You must Avoid These Coding Antipatterns for Web Development


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Guide: You must Avoid These Coding Antipatterns for Web Development

Designing the architecture of a website, an application or setting up an effective coding workflow often ensures that we address recurring problems. We don’t necessarily have to fix these software design problems from scratch solutions at an architectural level can be reused in the same way as code snippets at the micro level

Design patterns are generally reusable solutions this is possible for certain scenarios are useful for solving common problems, and can greatly help us optimize our code.

While design patterns are great tools to improve our development process by using well-tested formulas, we can sometimes go wrong with them. These are called anti-patterns.

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What are anti-cartridges?

The term “antipattern” was coined in a book called AntiPatterns in 1998. It refers to reused solutions that seem useful at first, but it turns out later to do more harm than good.

This can happen for a variety of reasons, such as if we don’t use the patterns in the right context, setting, or time (solutions that were effective in the past may not always work in the present), or in other cases the whole paradigm. was just bad from the start.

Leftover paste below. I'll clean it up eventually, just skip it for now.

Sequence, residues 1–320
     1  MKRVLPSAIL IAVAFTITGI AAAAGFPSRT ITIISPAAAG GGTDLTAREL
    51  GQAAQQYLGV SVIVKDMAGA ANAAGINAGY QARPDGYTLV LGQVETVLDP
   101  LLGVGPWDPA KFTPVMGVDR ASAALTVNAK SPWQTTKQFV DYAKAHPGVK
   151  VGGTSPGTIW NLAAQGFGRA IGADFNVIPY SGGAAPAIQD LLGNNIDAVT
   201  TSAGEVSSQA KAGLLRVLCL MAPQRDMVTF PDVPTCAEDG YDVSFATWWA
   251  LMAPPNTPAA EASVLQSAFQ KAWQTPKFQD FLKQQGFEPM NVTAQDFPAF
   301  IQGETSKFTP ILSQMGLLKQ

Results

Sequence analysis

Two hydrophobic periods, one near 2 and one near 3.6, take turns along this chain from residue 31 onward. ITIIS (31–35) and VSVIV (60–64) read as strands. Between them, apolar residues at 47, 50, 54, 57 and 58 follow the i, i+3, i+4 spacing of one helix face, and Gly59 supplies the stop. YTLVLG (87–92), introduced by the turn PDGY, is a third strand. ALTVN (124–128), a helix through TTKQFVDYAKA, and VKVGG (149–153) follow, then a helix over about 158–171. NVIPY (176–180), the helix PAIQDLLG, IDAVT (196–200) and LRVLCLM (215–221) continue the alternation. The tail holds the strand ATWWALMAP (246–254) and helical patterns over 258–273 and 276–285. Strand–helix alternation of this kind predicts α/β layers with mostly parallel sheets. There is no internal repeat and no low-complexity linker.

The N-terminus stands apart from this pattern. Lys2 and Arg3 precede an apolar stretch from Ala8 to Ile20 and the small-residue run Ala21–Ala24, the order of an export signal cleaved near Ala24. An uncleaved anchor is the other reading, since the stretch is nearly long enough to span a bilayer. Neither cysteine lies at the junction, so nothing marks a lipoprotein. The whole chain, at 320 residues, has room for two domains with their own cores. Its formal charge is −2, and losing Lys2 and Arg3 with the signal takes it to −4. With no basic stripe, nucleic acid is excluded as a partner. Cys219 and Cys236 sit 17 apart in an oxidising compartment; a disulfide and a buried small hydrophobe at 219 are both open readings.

Antipatterns are also often mentioned patterns of failureThe good news is that it is possible to recognize and avoid them

In this post, we’ll take a look at 10 common coding antipatterns in web development that can trick us into thinking we have well-optimized code. (Note that the anti-patterns mentioned in this post are not necessarily the same as what you can find in the book mentioned above.)

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1. Premature optimization

Good timing is a critical factor in optimizing code. We can easily reproduce the anti-pattern of “Premature optimization”, if we pay attention to small efficiencies and optimize them too early in the development process, before we know exactly what we want to do.

According to Donald Knuth’s famous quote, “premature optimization is the root of all evil,” which may be an exaggeration, but still shows how serious problems premature optimization can cause later on.